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All About Food: What will be on plates in 2016

It’s a new year and the food industry is preparing for change.

These changes may be good, odd or wonderful. Others can be seen as healthy, controversial or revolutionary. You’ll find that some foods aren’t new but they are enjoying a revival.

The change that caught my eye first was in an article titled “Dumpster-to- Plate Cuisine.” Chefs generate a great deal of garbage when cooking, and it seems that there is now a trend toward repurposing that garbage.

A New York chef named Dan Barber turned his restaurant into a pop-up that he named WastED, which serves fish bones, bruised produce and other salvage not generally thought of as food. He has a menu of a la carte dishes that are $15. He also has a dish that is made from dog food.

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Other chefs have changed their menus to serve only supermarket discards. It seems that tons of food is wasted every year. In the coming year some chefs are making “no waste” their primary cause, which includes reinventing leftovers.

Kale, which has been the darling of foodies for a few years, will have to take a back seat to seaweed. This plentiful and sustainable green is loaded with fiber, antioxidants, iodine and good fats. A strain of bacon-flavored seaweed will also be available.

Spam has always been a staple in Hawaii, but with the rise of Hawaiian-style cuisine, it has taken a new place in the culinary world as well. Chefs in Hawaii are adding it to their menus with a chic upgrade by layering it on sushi rice with seaweed. One chef includes it on his $150 tasting menu.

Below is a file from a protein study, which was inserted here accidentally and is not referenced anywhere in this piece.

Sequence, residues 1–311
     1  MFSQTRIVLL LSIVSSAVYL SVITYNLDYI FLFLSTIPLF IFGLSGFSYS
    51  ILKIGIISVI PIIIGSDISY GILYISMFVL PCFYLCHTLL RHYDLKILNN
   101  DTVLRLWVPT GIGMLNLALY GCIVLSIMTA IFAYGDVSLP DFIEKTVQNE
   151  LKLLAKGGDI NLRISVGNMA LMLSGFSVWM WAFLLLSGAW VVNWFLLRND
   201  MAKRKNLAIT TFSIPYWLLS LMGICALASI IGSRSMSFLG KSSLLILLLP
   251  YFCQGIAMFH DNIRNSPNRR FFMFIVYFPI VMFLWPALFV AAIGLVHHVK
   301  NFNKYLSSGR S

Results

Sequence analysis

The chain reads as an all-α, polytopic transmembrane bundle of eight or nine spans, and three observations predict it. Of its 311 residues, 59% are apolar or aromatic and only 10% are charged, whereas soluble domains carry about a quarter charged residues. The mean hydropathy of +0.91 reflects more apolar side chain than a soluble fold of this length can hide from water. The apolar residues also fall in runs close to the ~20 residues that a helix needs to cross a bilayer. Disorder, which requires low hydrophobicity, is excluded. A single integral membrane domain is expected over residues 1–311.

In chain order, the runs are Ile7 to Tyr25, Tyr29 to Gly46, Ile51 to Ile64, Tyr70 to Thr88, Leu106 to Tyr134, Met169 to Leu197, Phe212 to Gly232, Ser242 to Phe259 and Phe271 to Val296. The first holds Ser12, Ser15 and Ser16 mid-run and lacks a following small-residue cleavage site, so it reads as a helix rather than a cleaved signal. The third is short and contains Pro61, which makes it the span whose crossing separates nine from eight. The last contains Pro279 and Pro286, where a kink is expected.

Mama’s Fish House on Maui was voted No.2 among America’s best restaurants. Other restaurants on the mainland are now really pushing poke, a marinated, raw fish salad. It is usually made with yellowfin tuna but now comes in many other variations.

Ube, a popular vibrant purple yam used in Filipino cuisine, will be emerging everywhere. Look for ube doughnuts, ice cream and cheesecake.

One big change is in the works but has not yet been fully implemented. Danny Meyer, owner of many New York restaurants, has announced that he is eliminating tipping. It will mean higher prices, 15% to 20%, and higher wages for the restaurant workers. It remains to be seen if this change will catch on.

Fermentation is getting a lot of hype these days. Fermented foods have many health benefits. When food is fermented, the sugars and carbohydrates are broken down by healthy bacteria, and this results in a pungent burst of flavor. Fermented grains and veggies are taking center stage at Los Angeles hot spots like Gjusta and Sqirl. Sauerkraut is sexy!

Munchery in L.A. has an app that lets customers call in orders to be made by local four-star chefs. Clients can also order a trained chef and all his tools and ingredients to whip up a family meal in a home.

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Are you a tea lover? Do you drink green tea? Well many tea lovers are switching to matcha, which may deliver many health benefits. It comes as a fluorescent-green powder and is being featured in many trendy specialty bars as well as places like Starbucks. This tea was first brought to Japan by a monk named Esai in 1911, and it seems to help people stay calm yet alertly focused during meditation sessions.

To finish, let’s talk ice cream.

Some unusual new flavors may delight in 2016, including Honey Jalapeno Pickle in Denver, Sichuan Pepper in Philadelphia, Creamed Cod in London, Sweet Corn gelato in Atlantic city, Cod in London, Smurf Gelato in New Jersey, White Truffle in Vancouver, Goat Cheese Cashew Caramel gelato in Chicago, Jackfruit in Delhi and Tequila in Mexico.

TERRY MARKOWITZ was in the gourmet food and catering business for 20 years. She can be reached for comments or questions at m_markowitz@cox.net.

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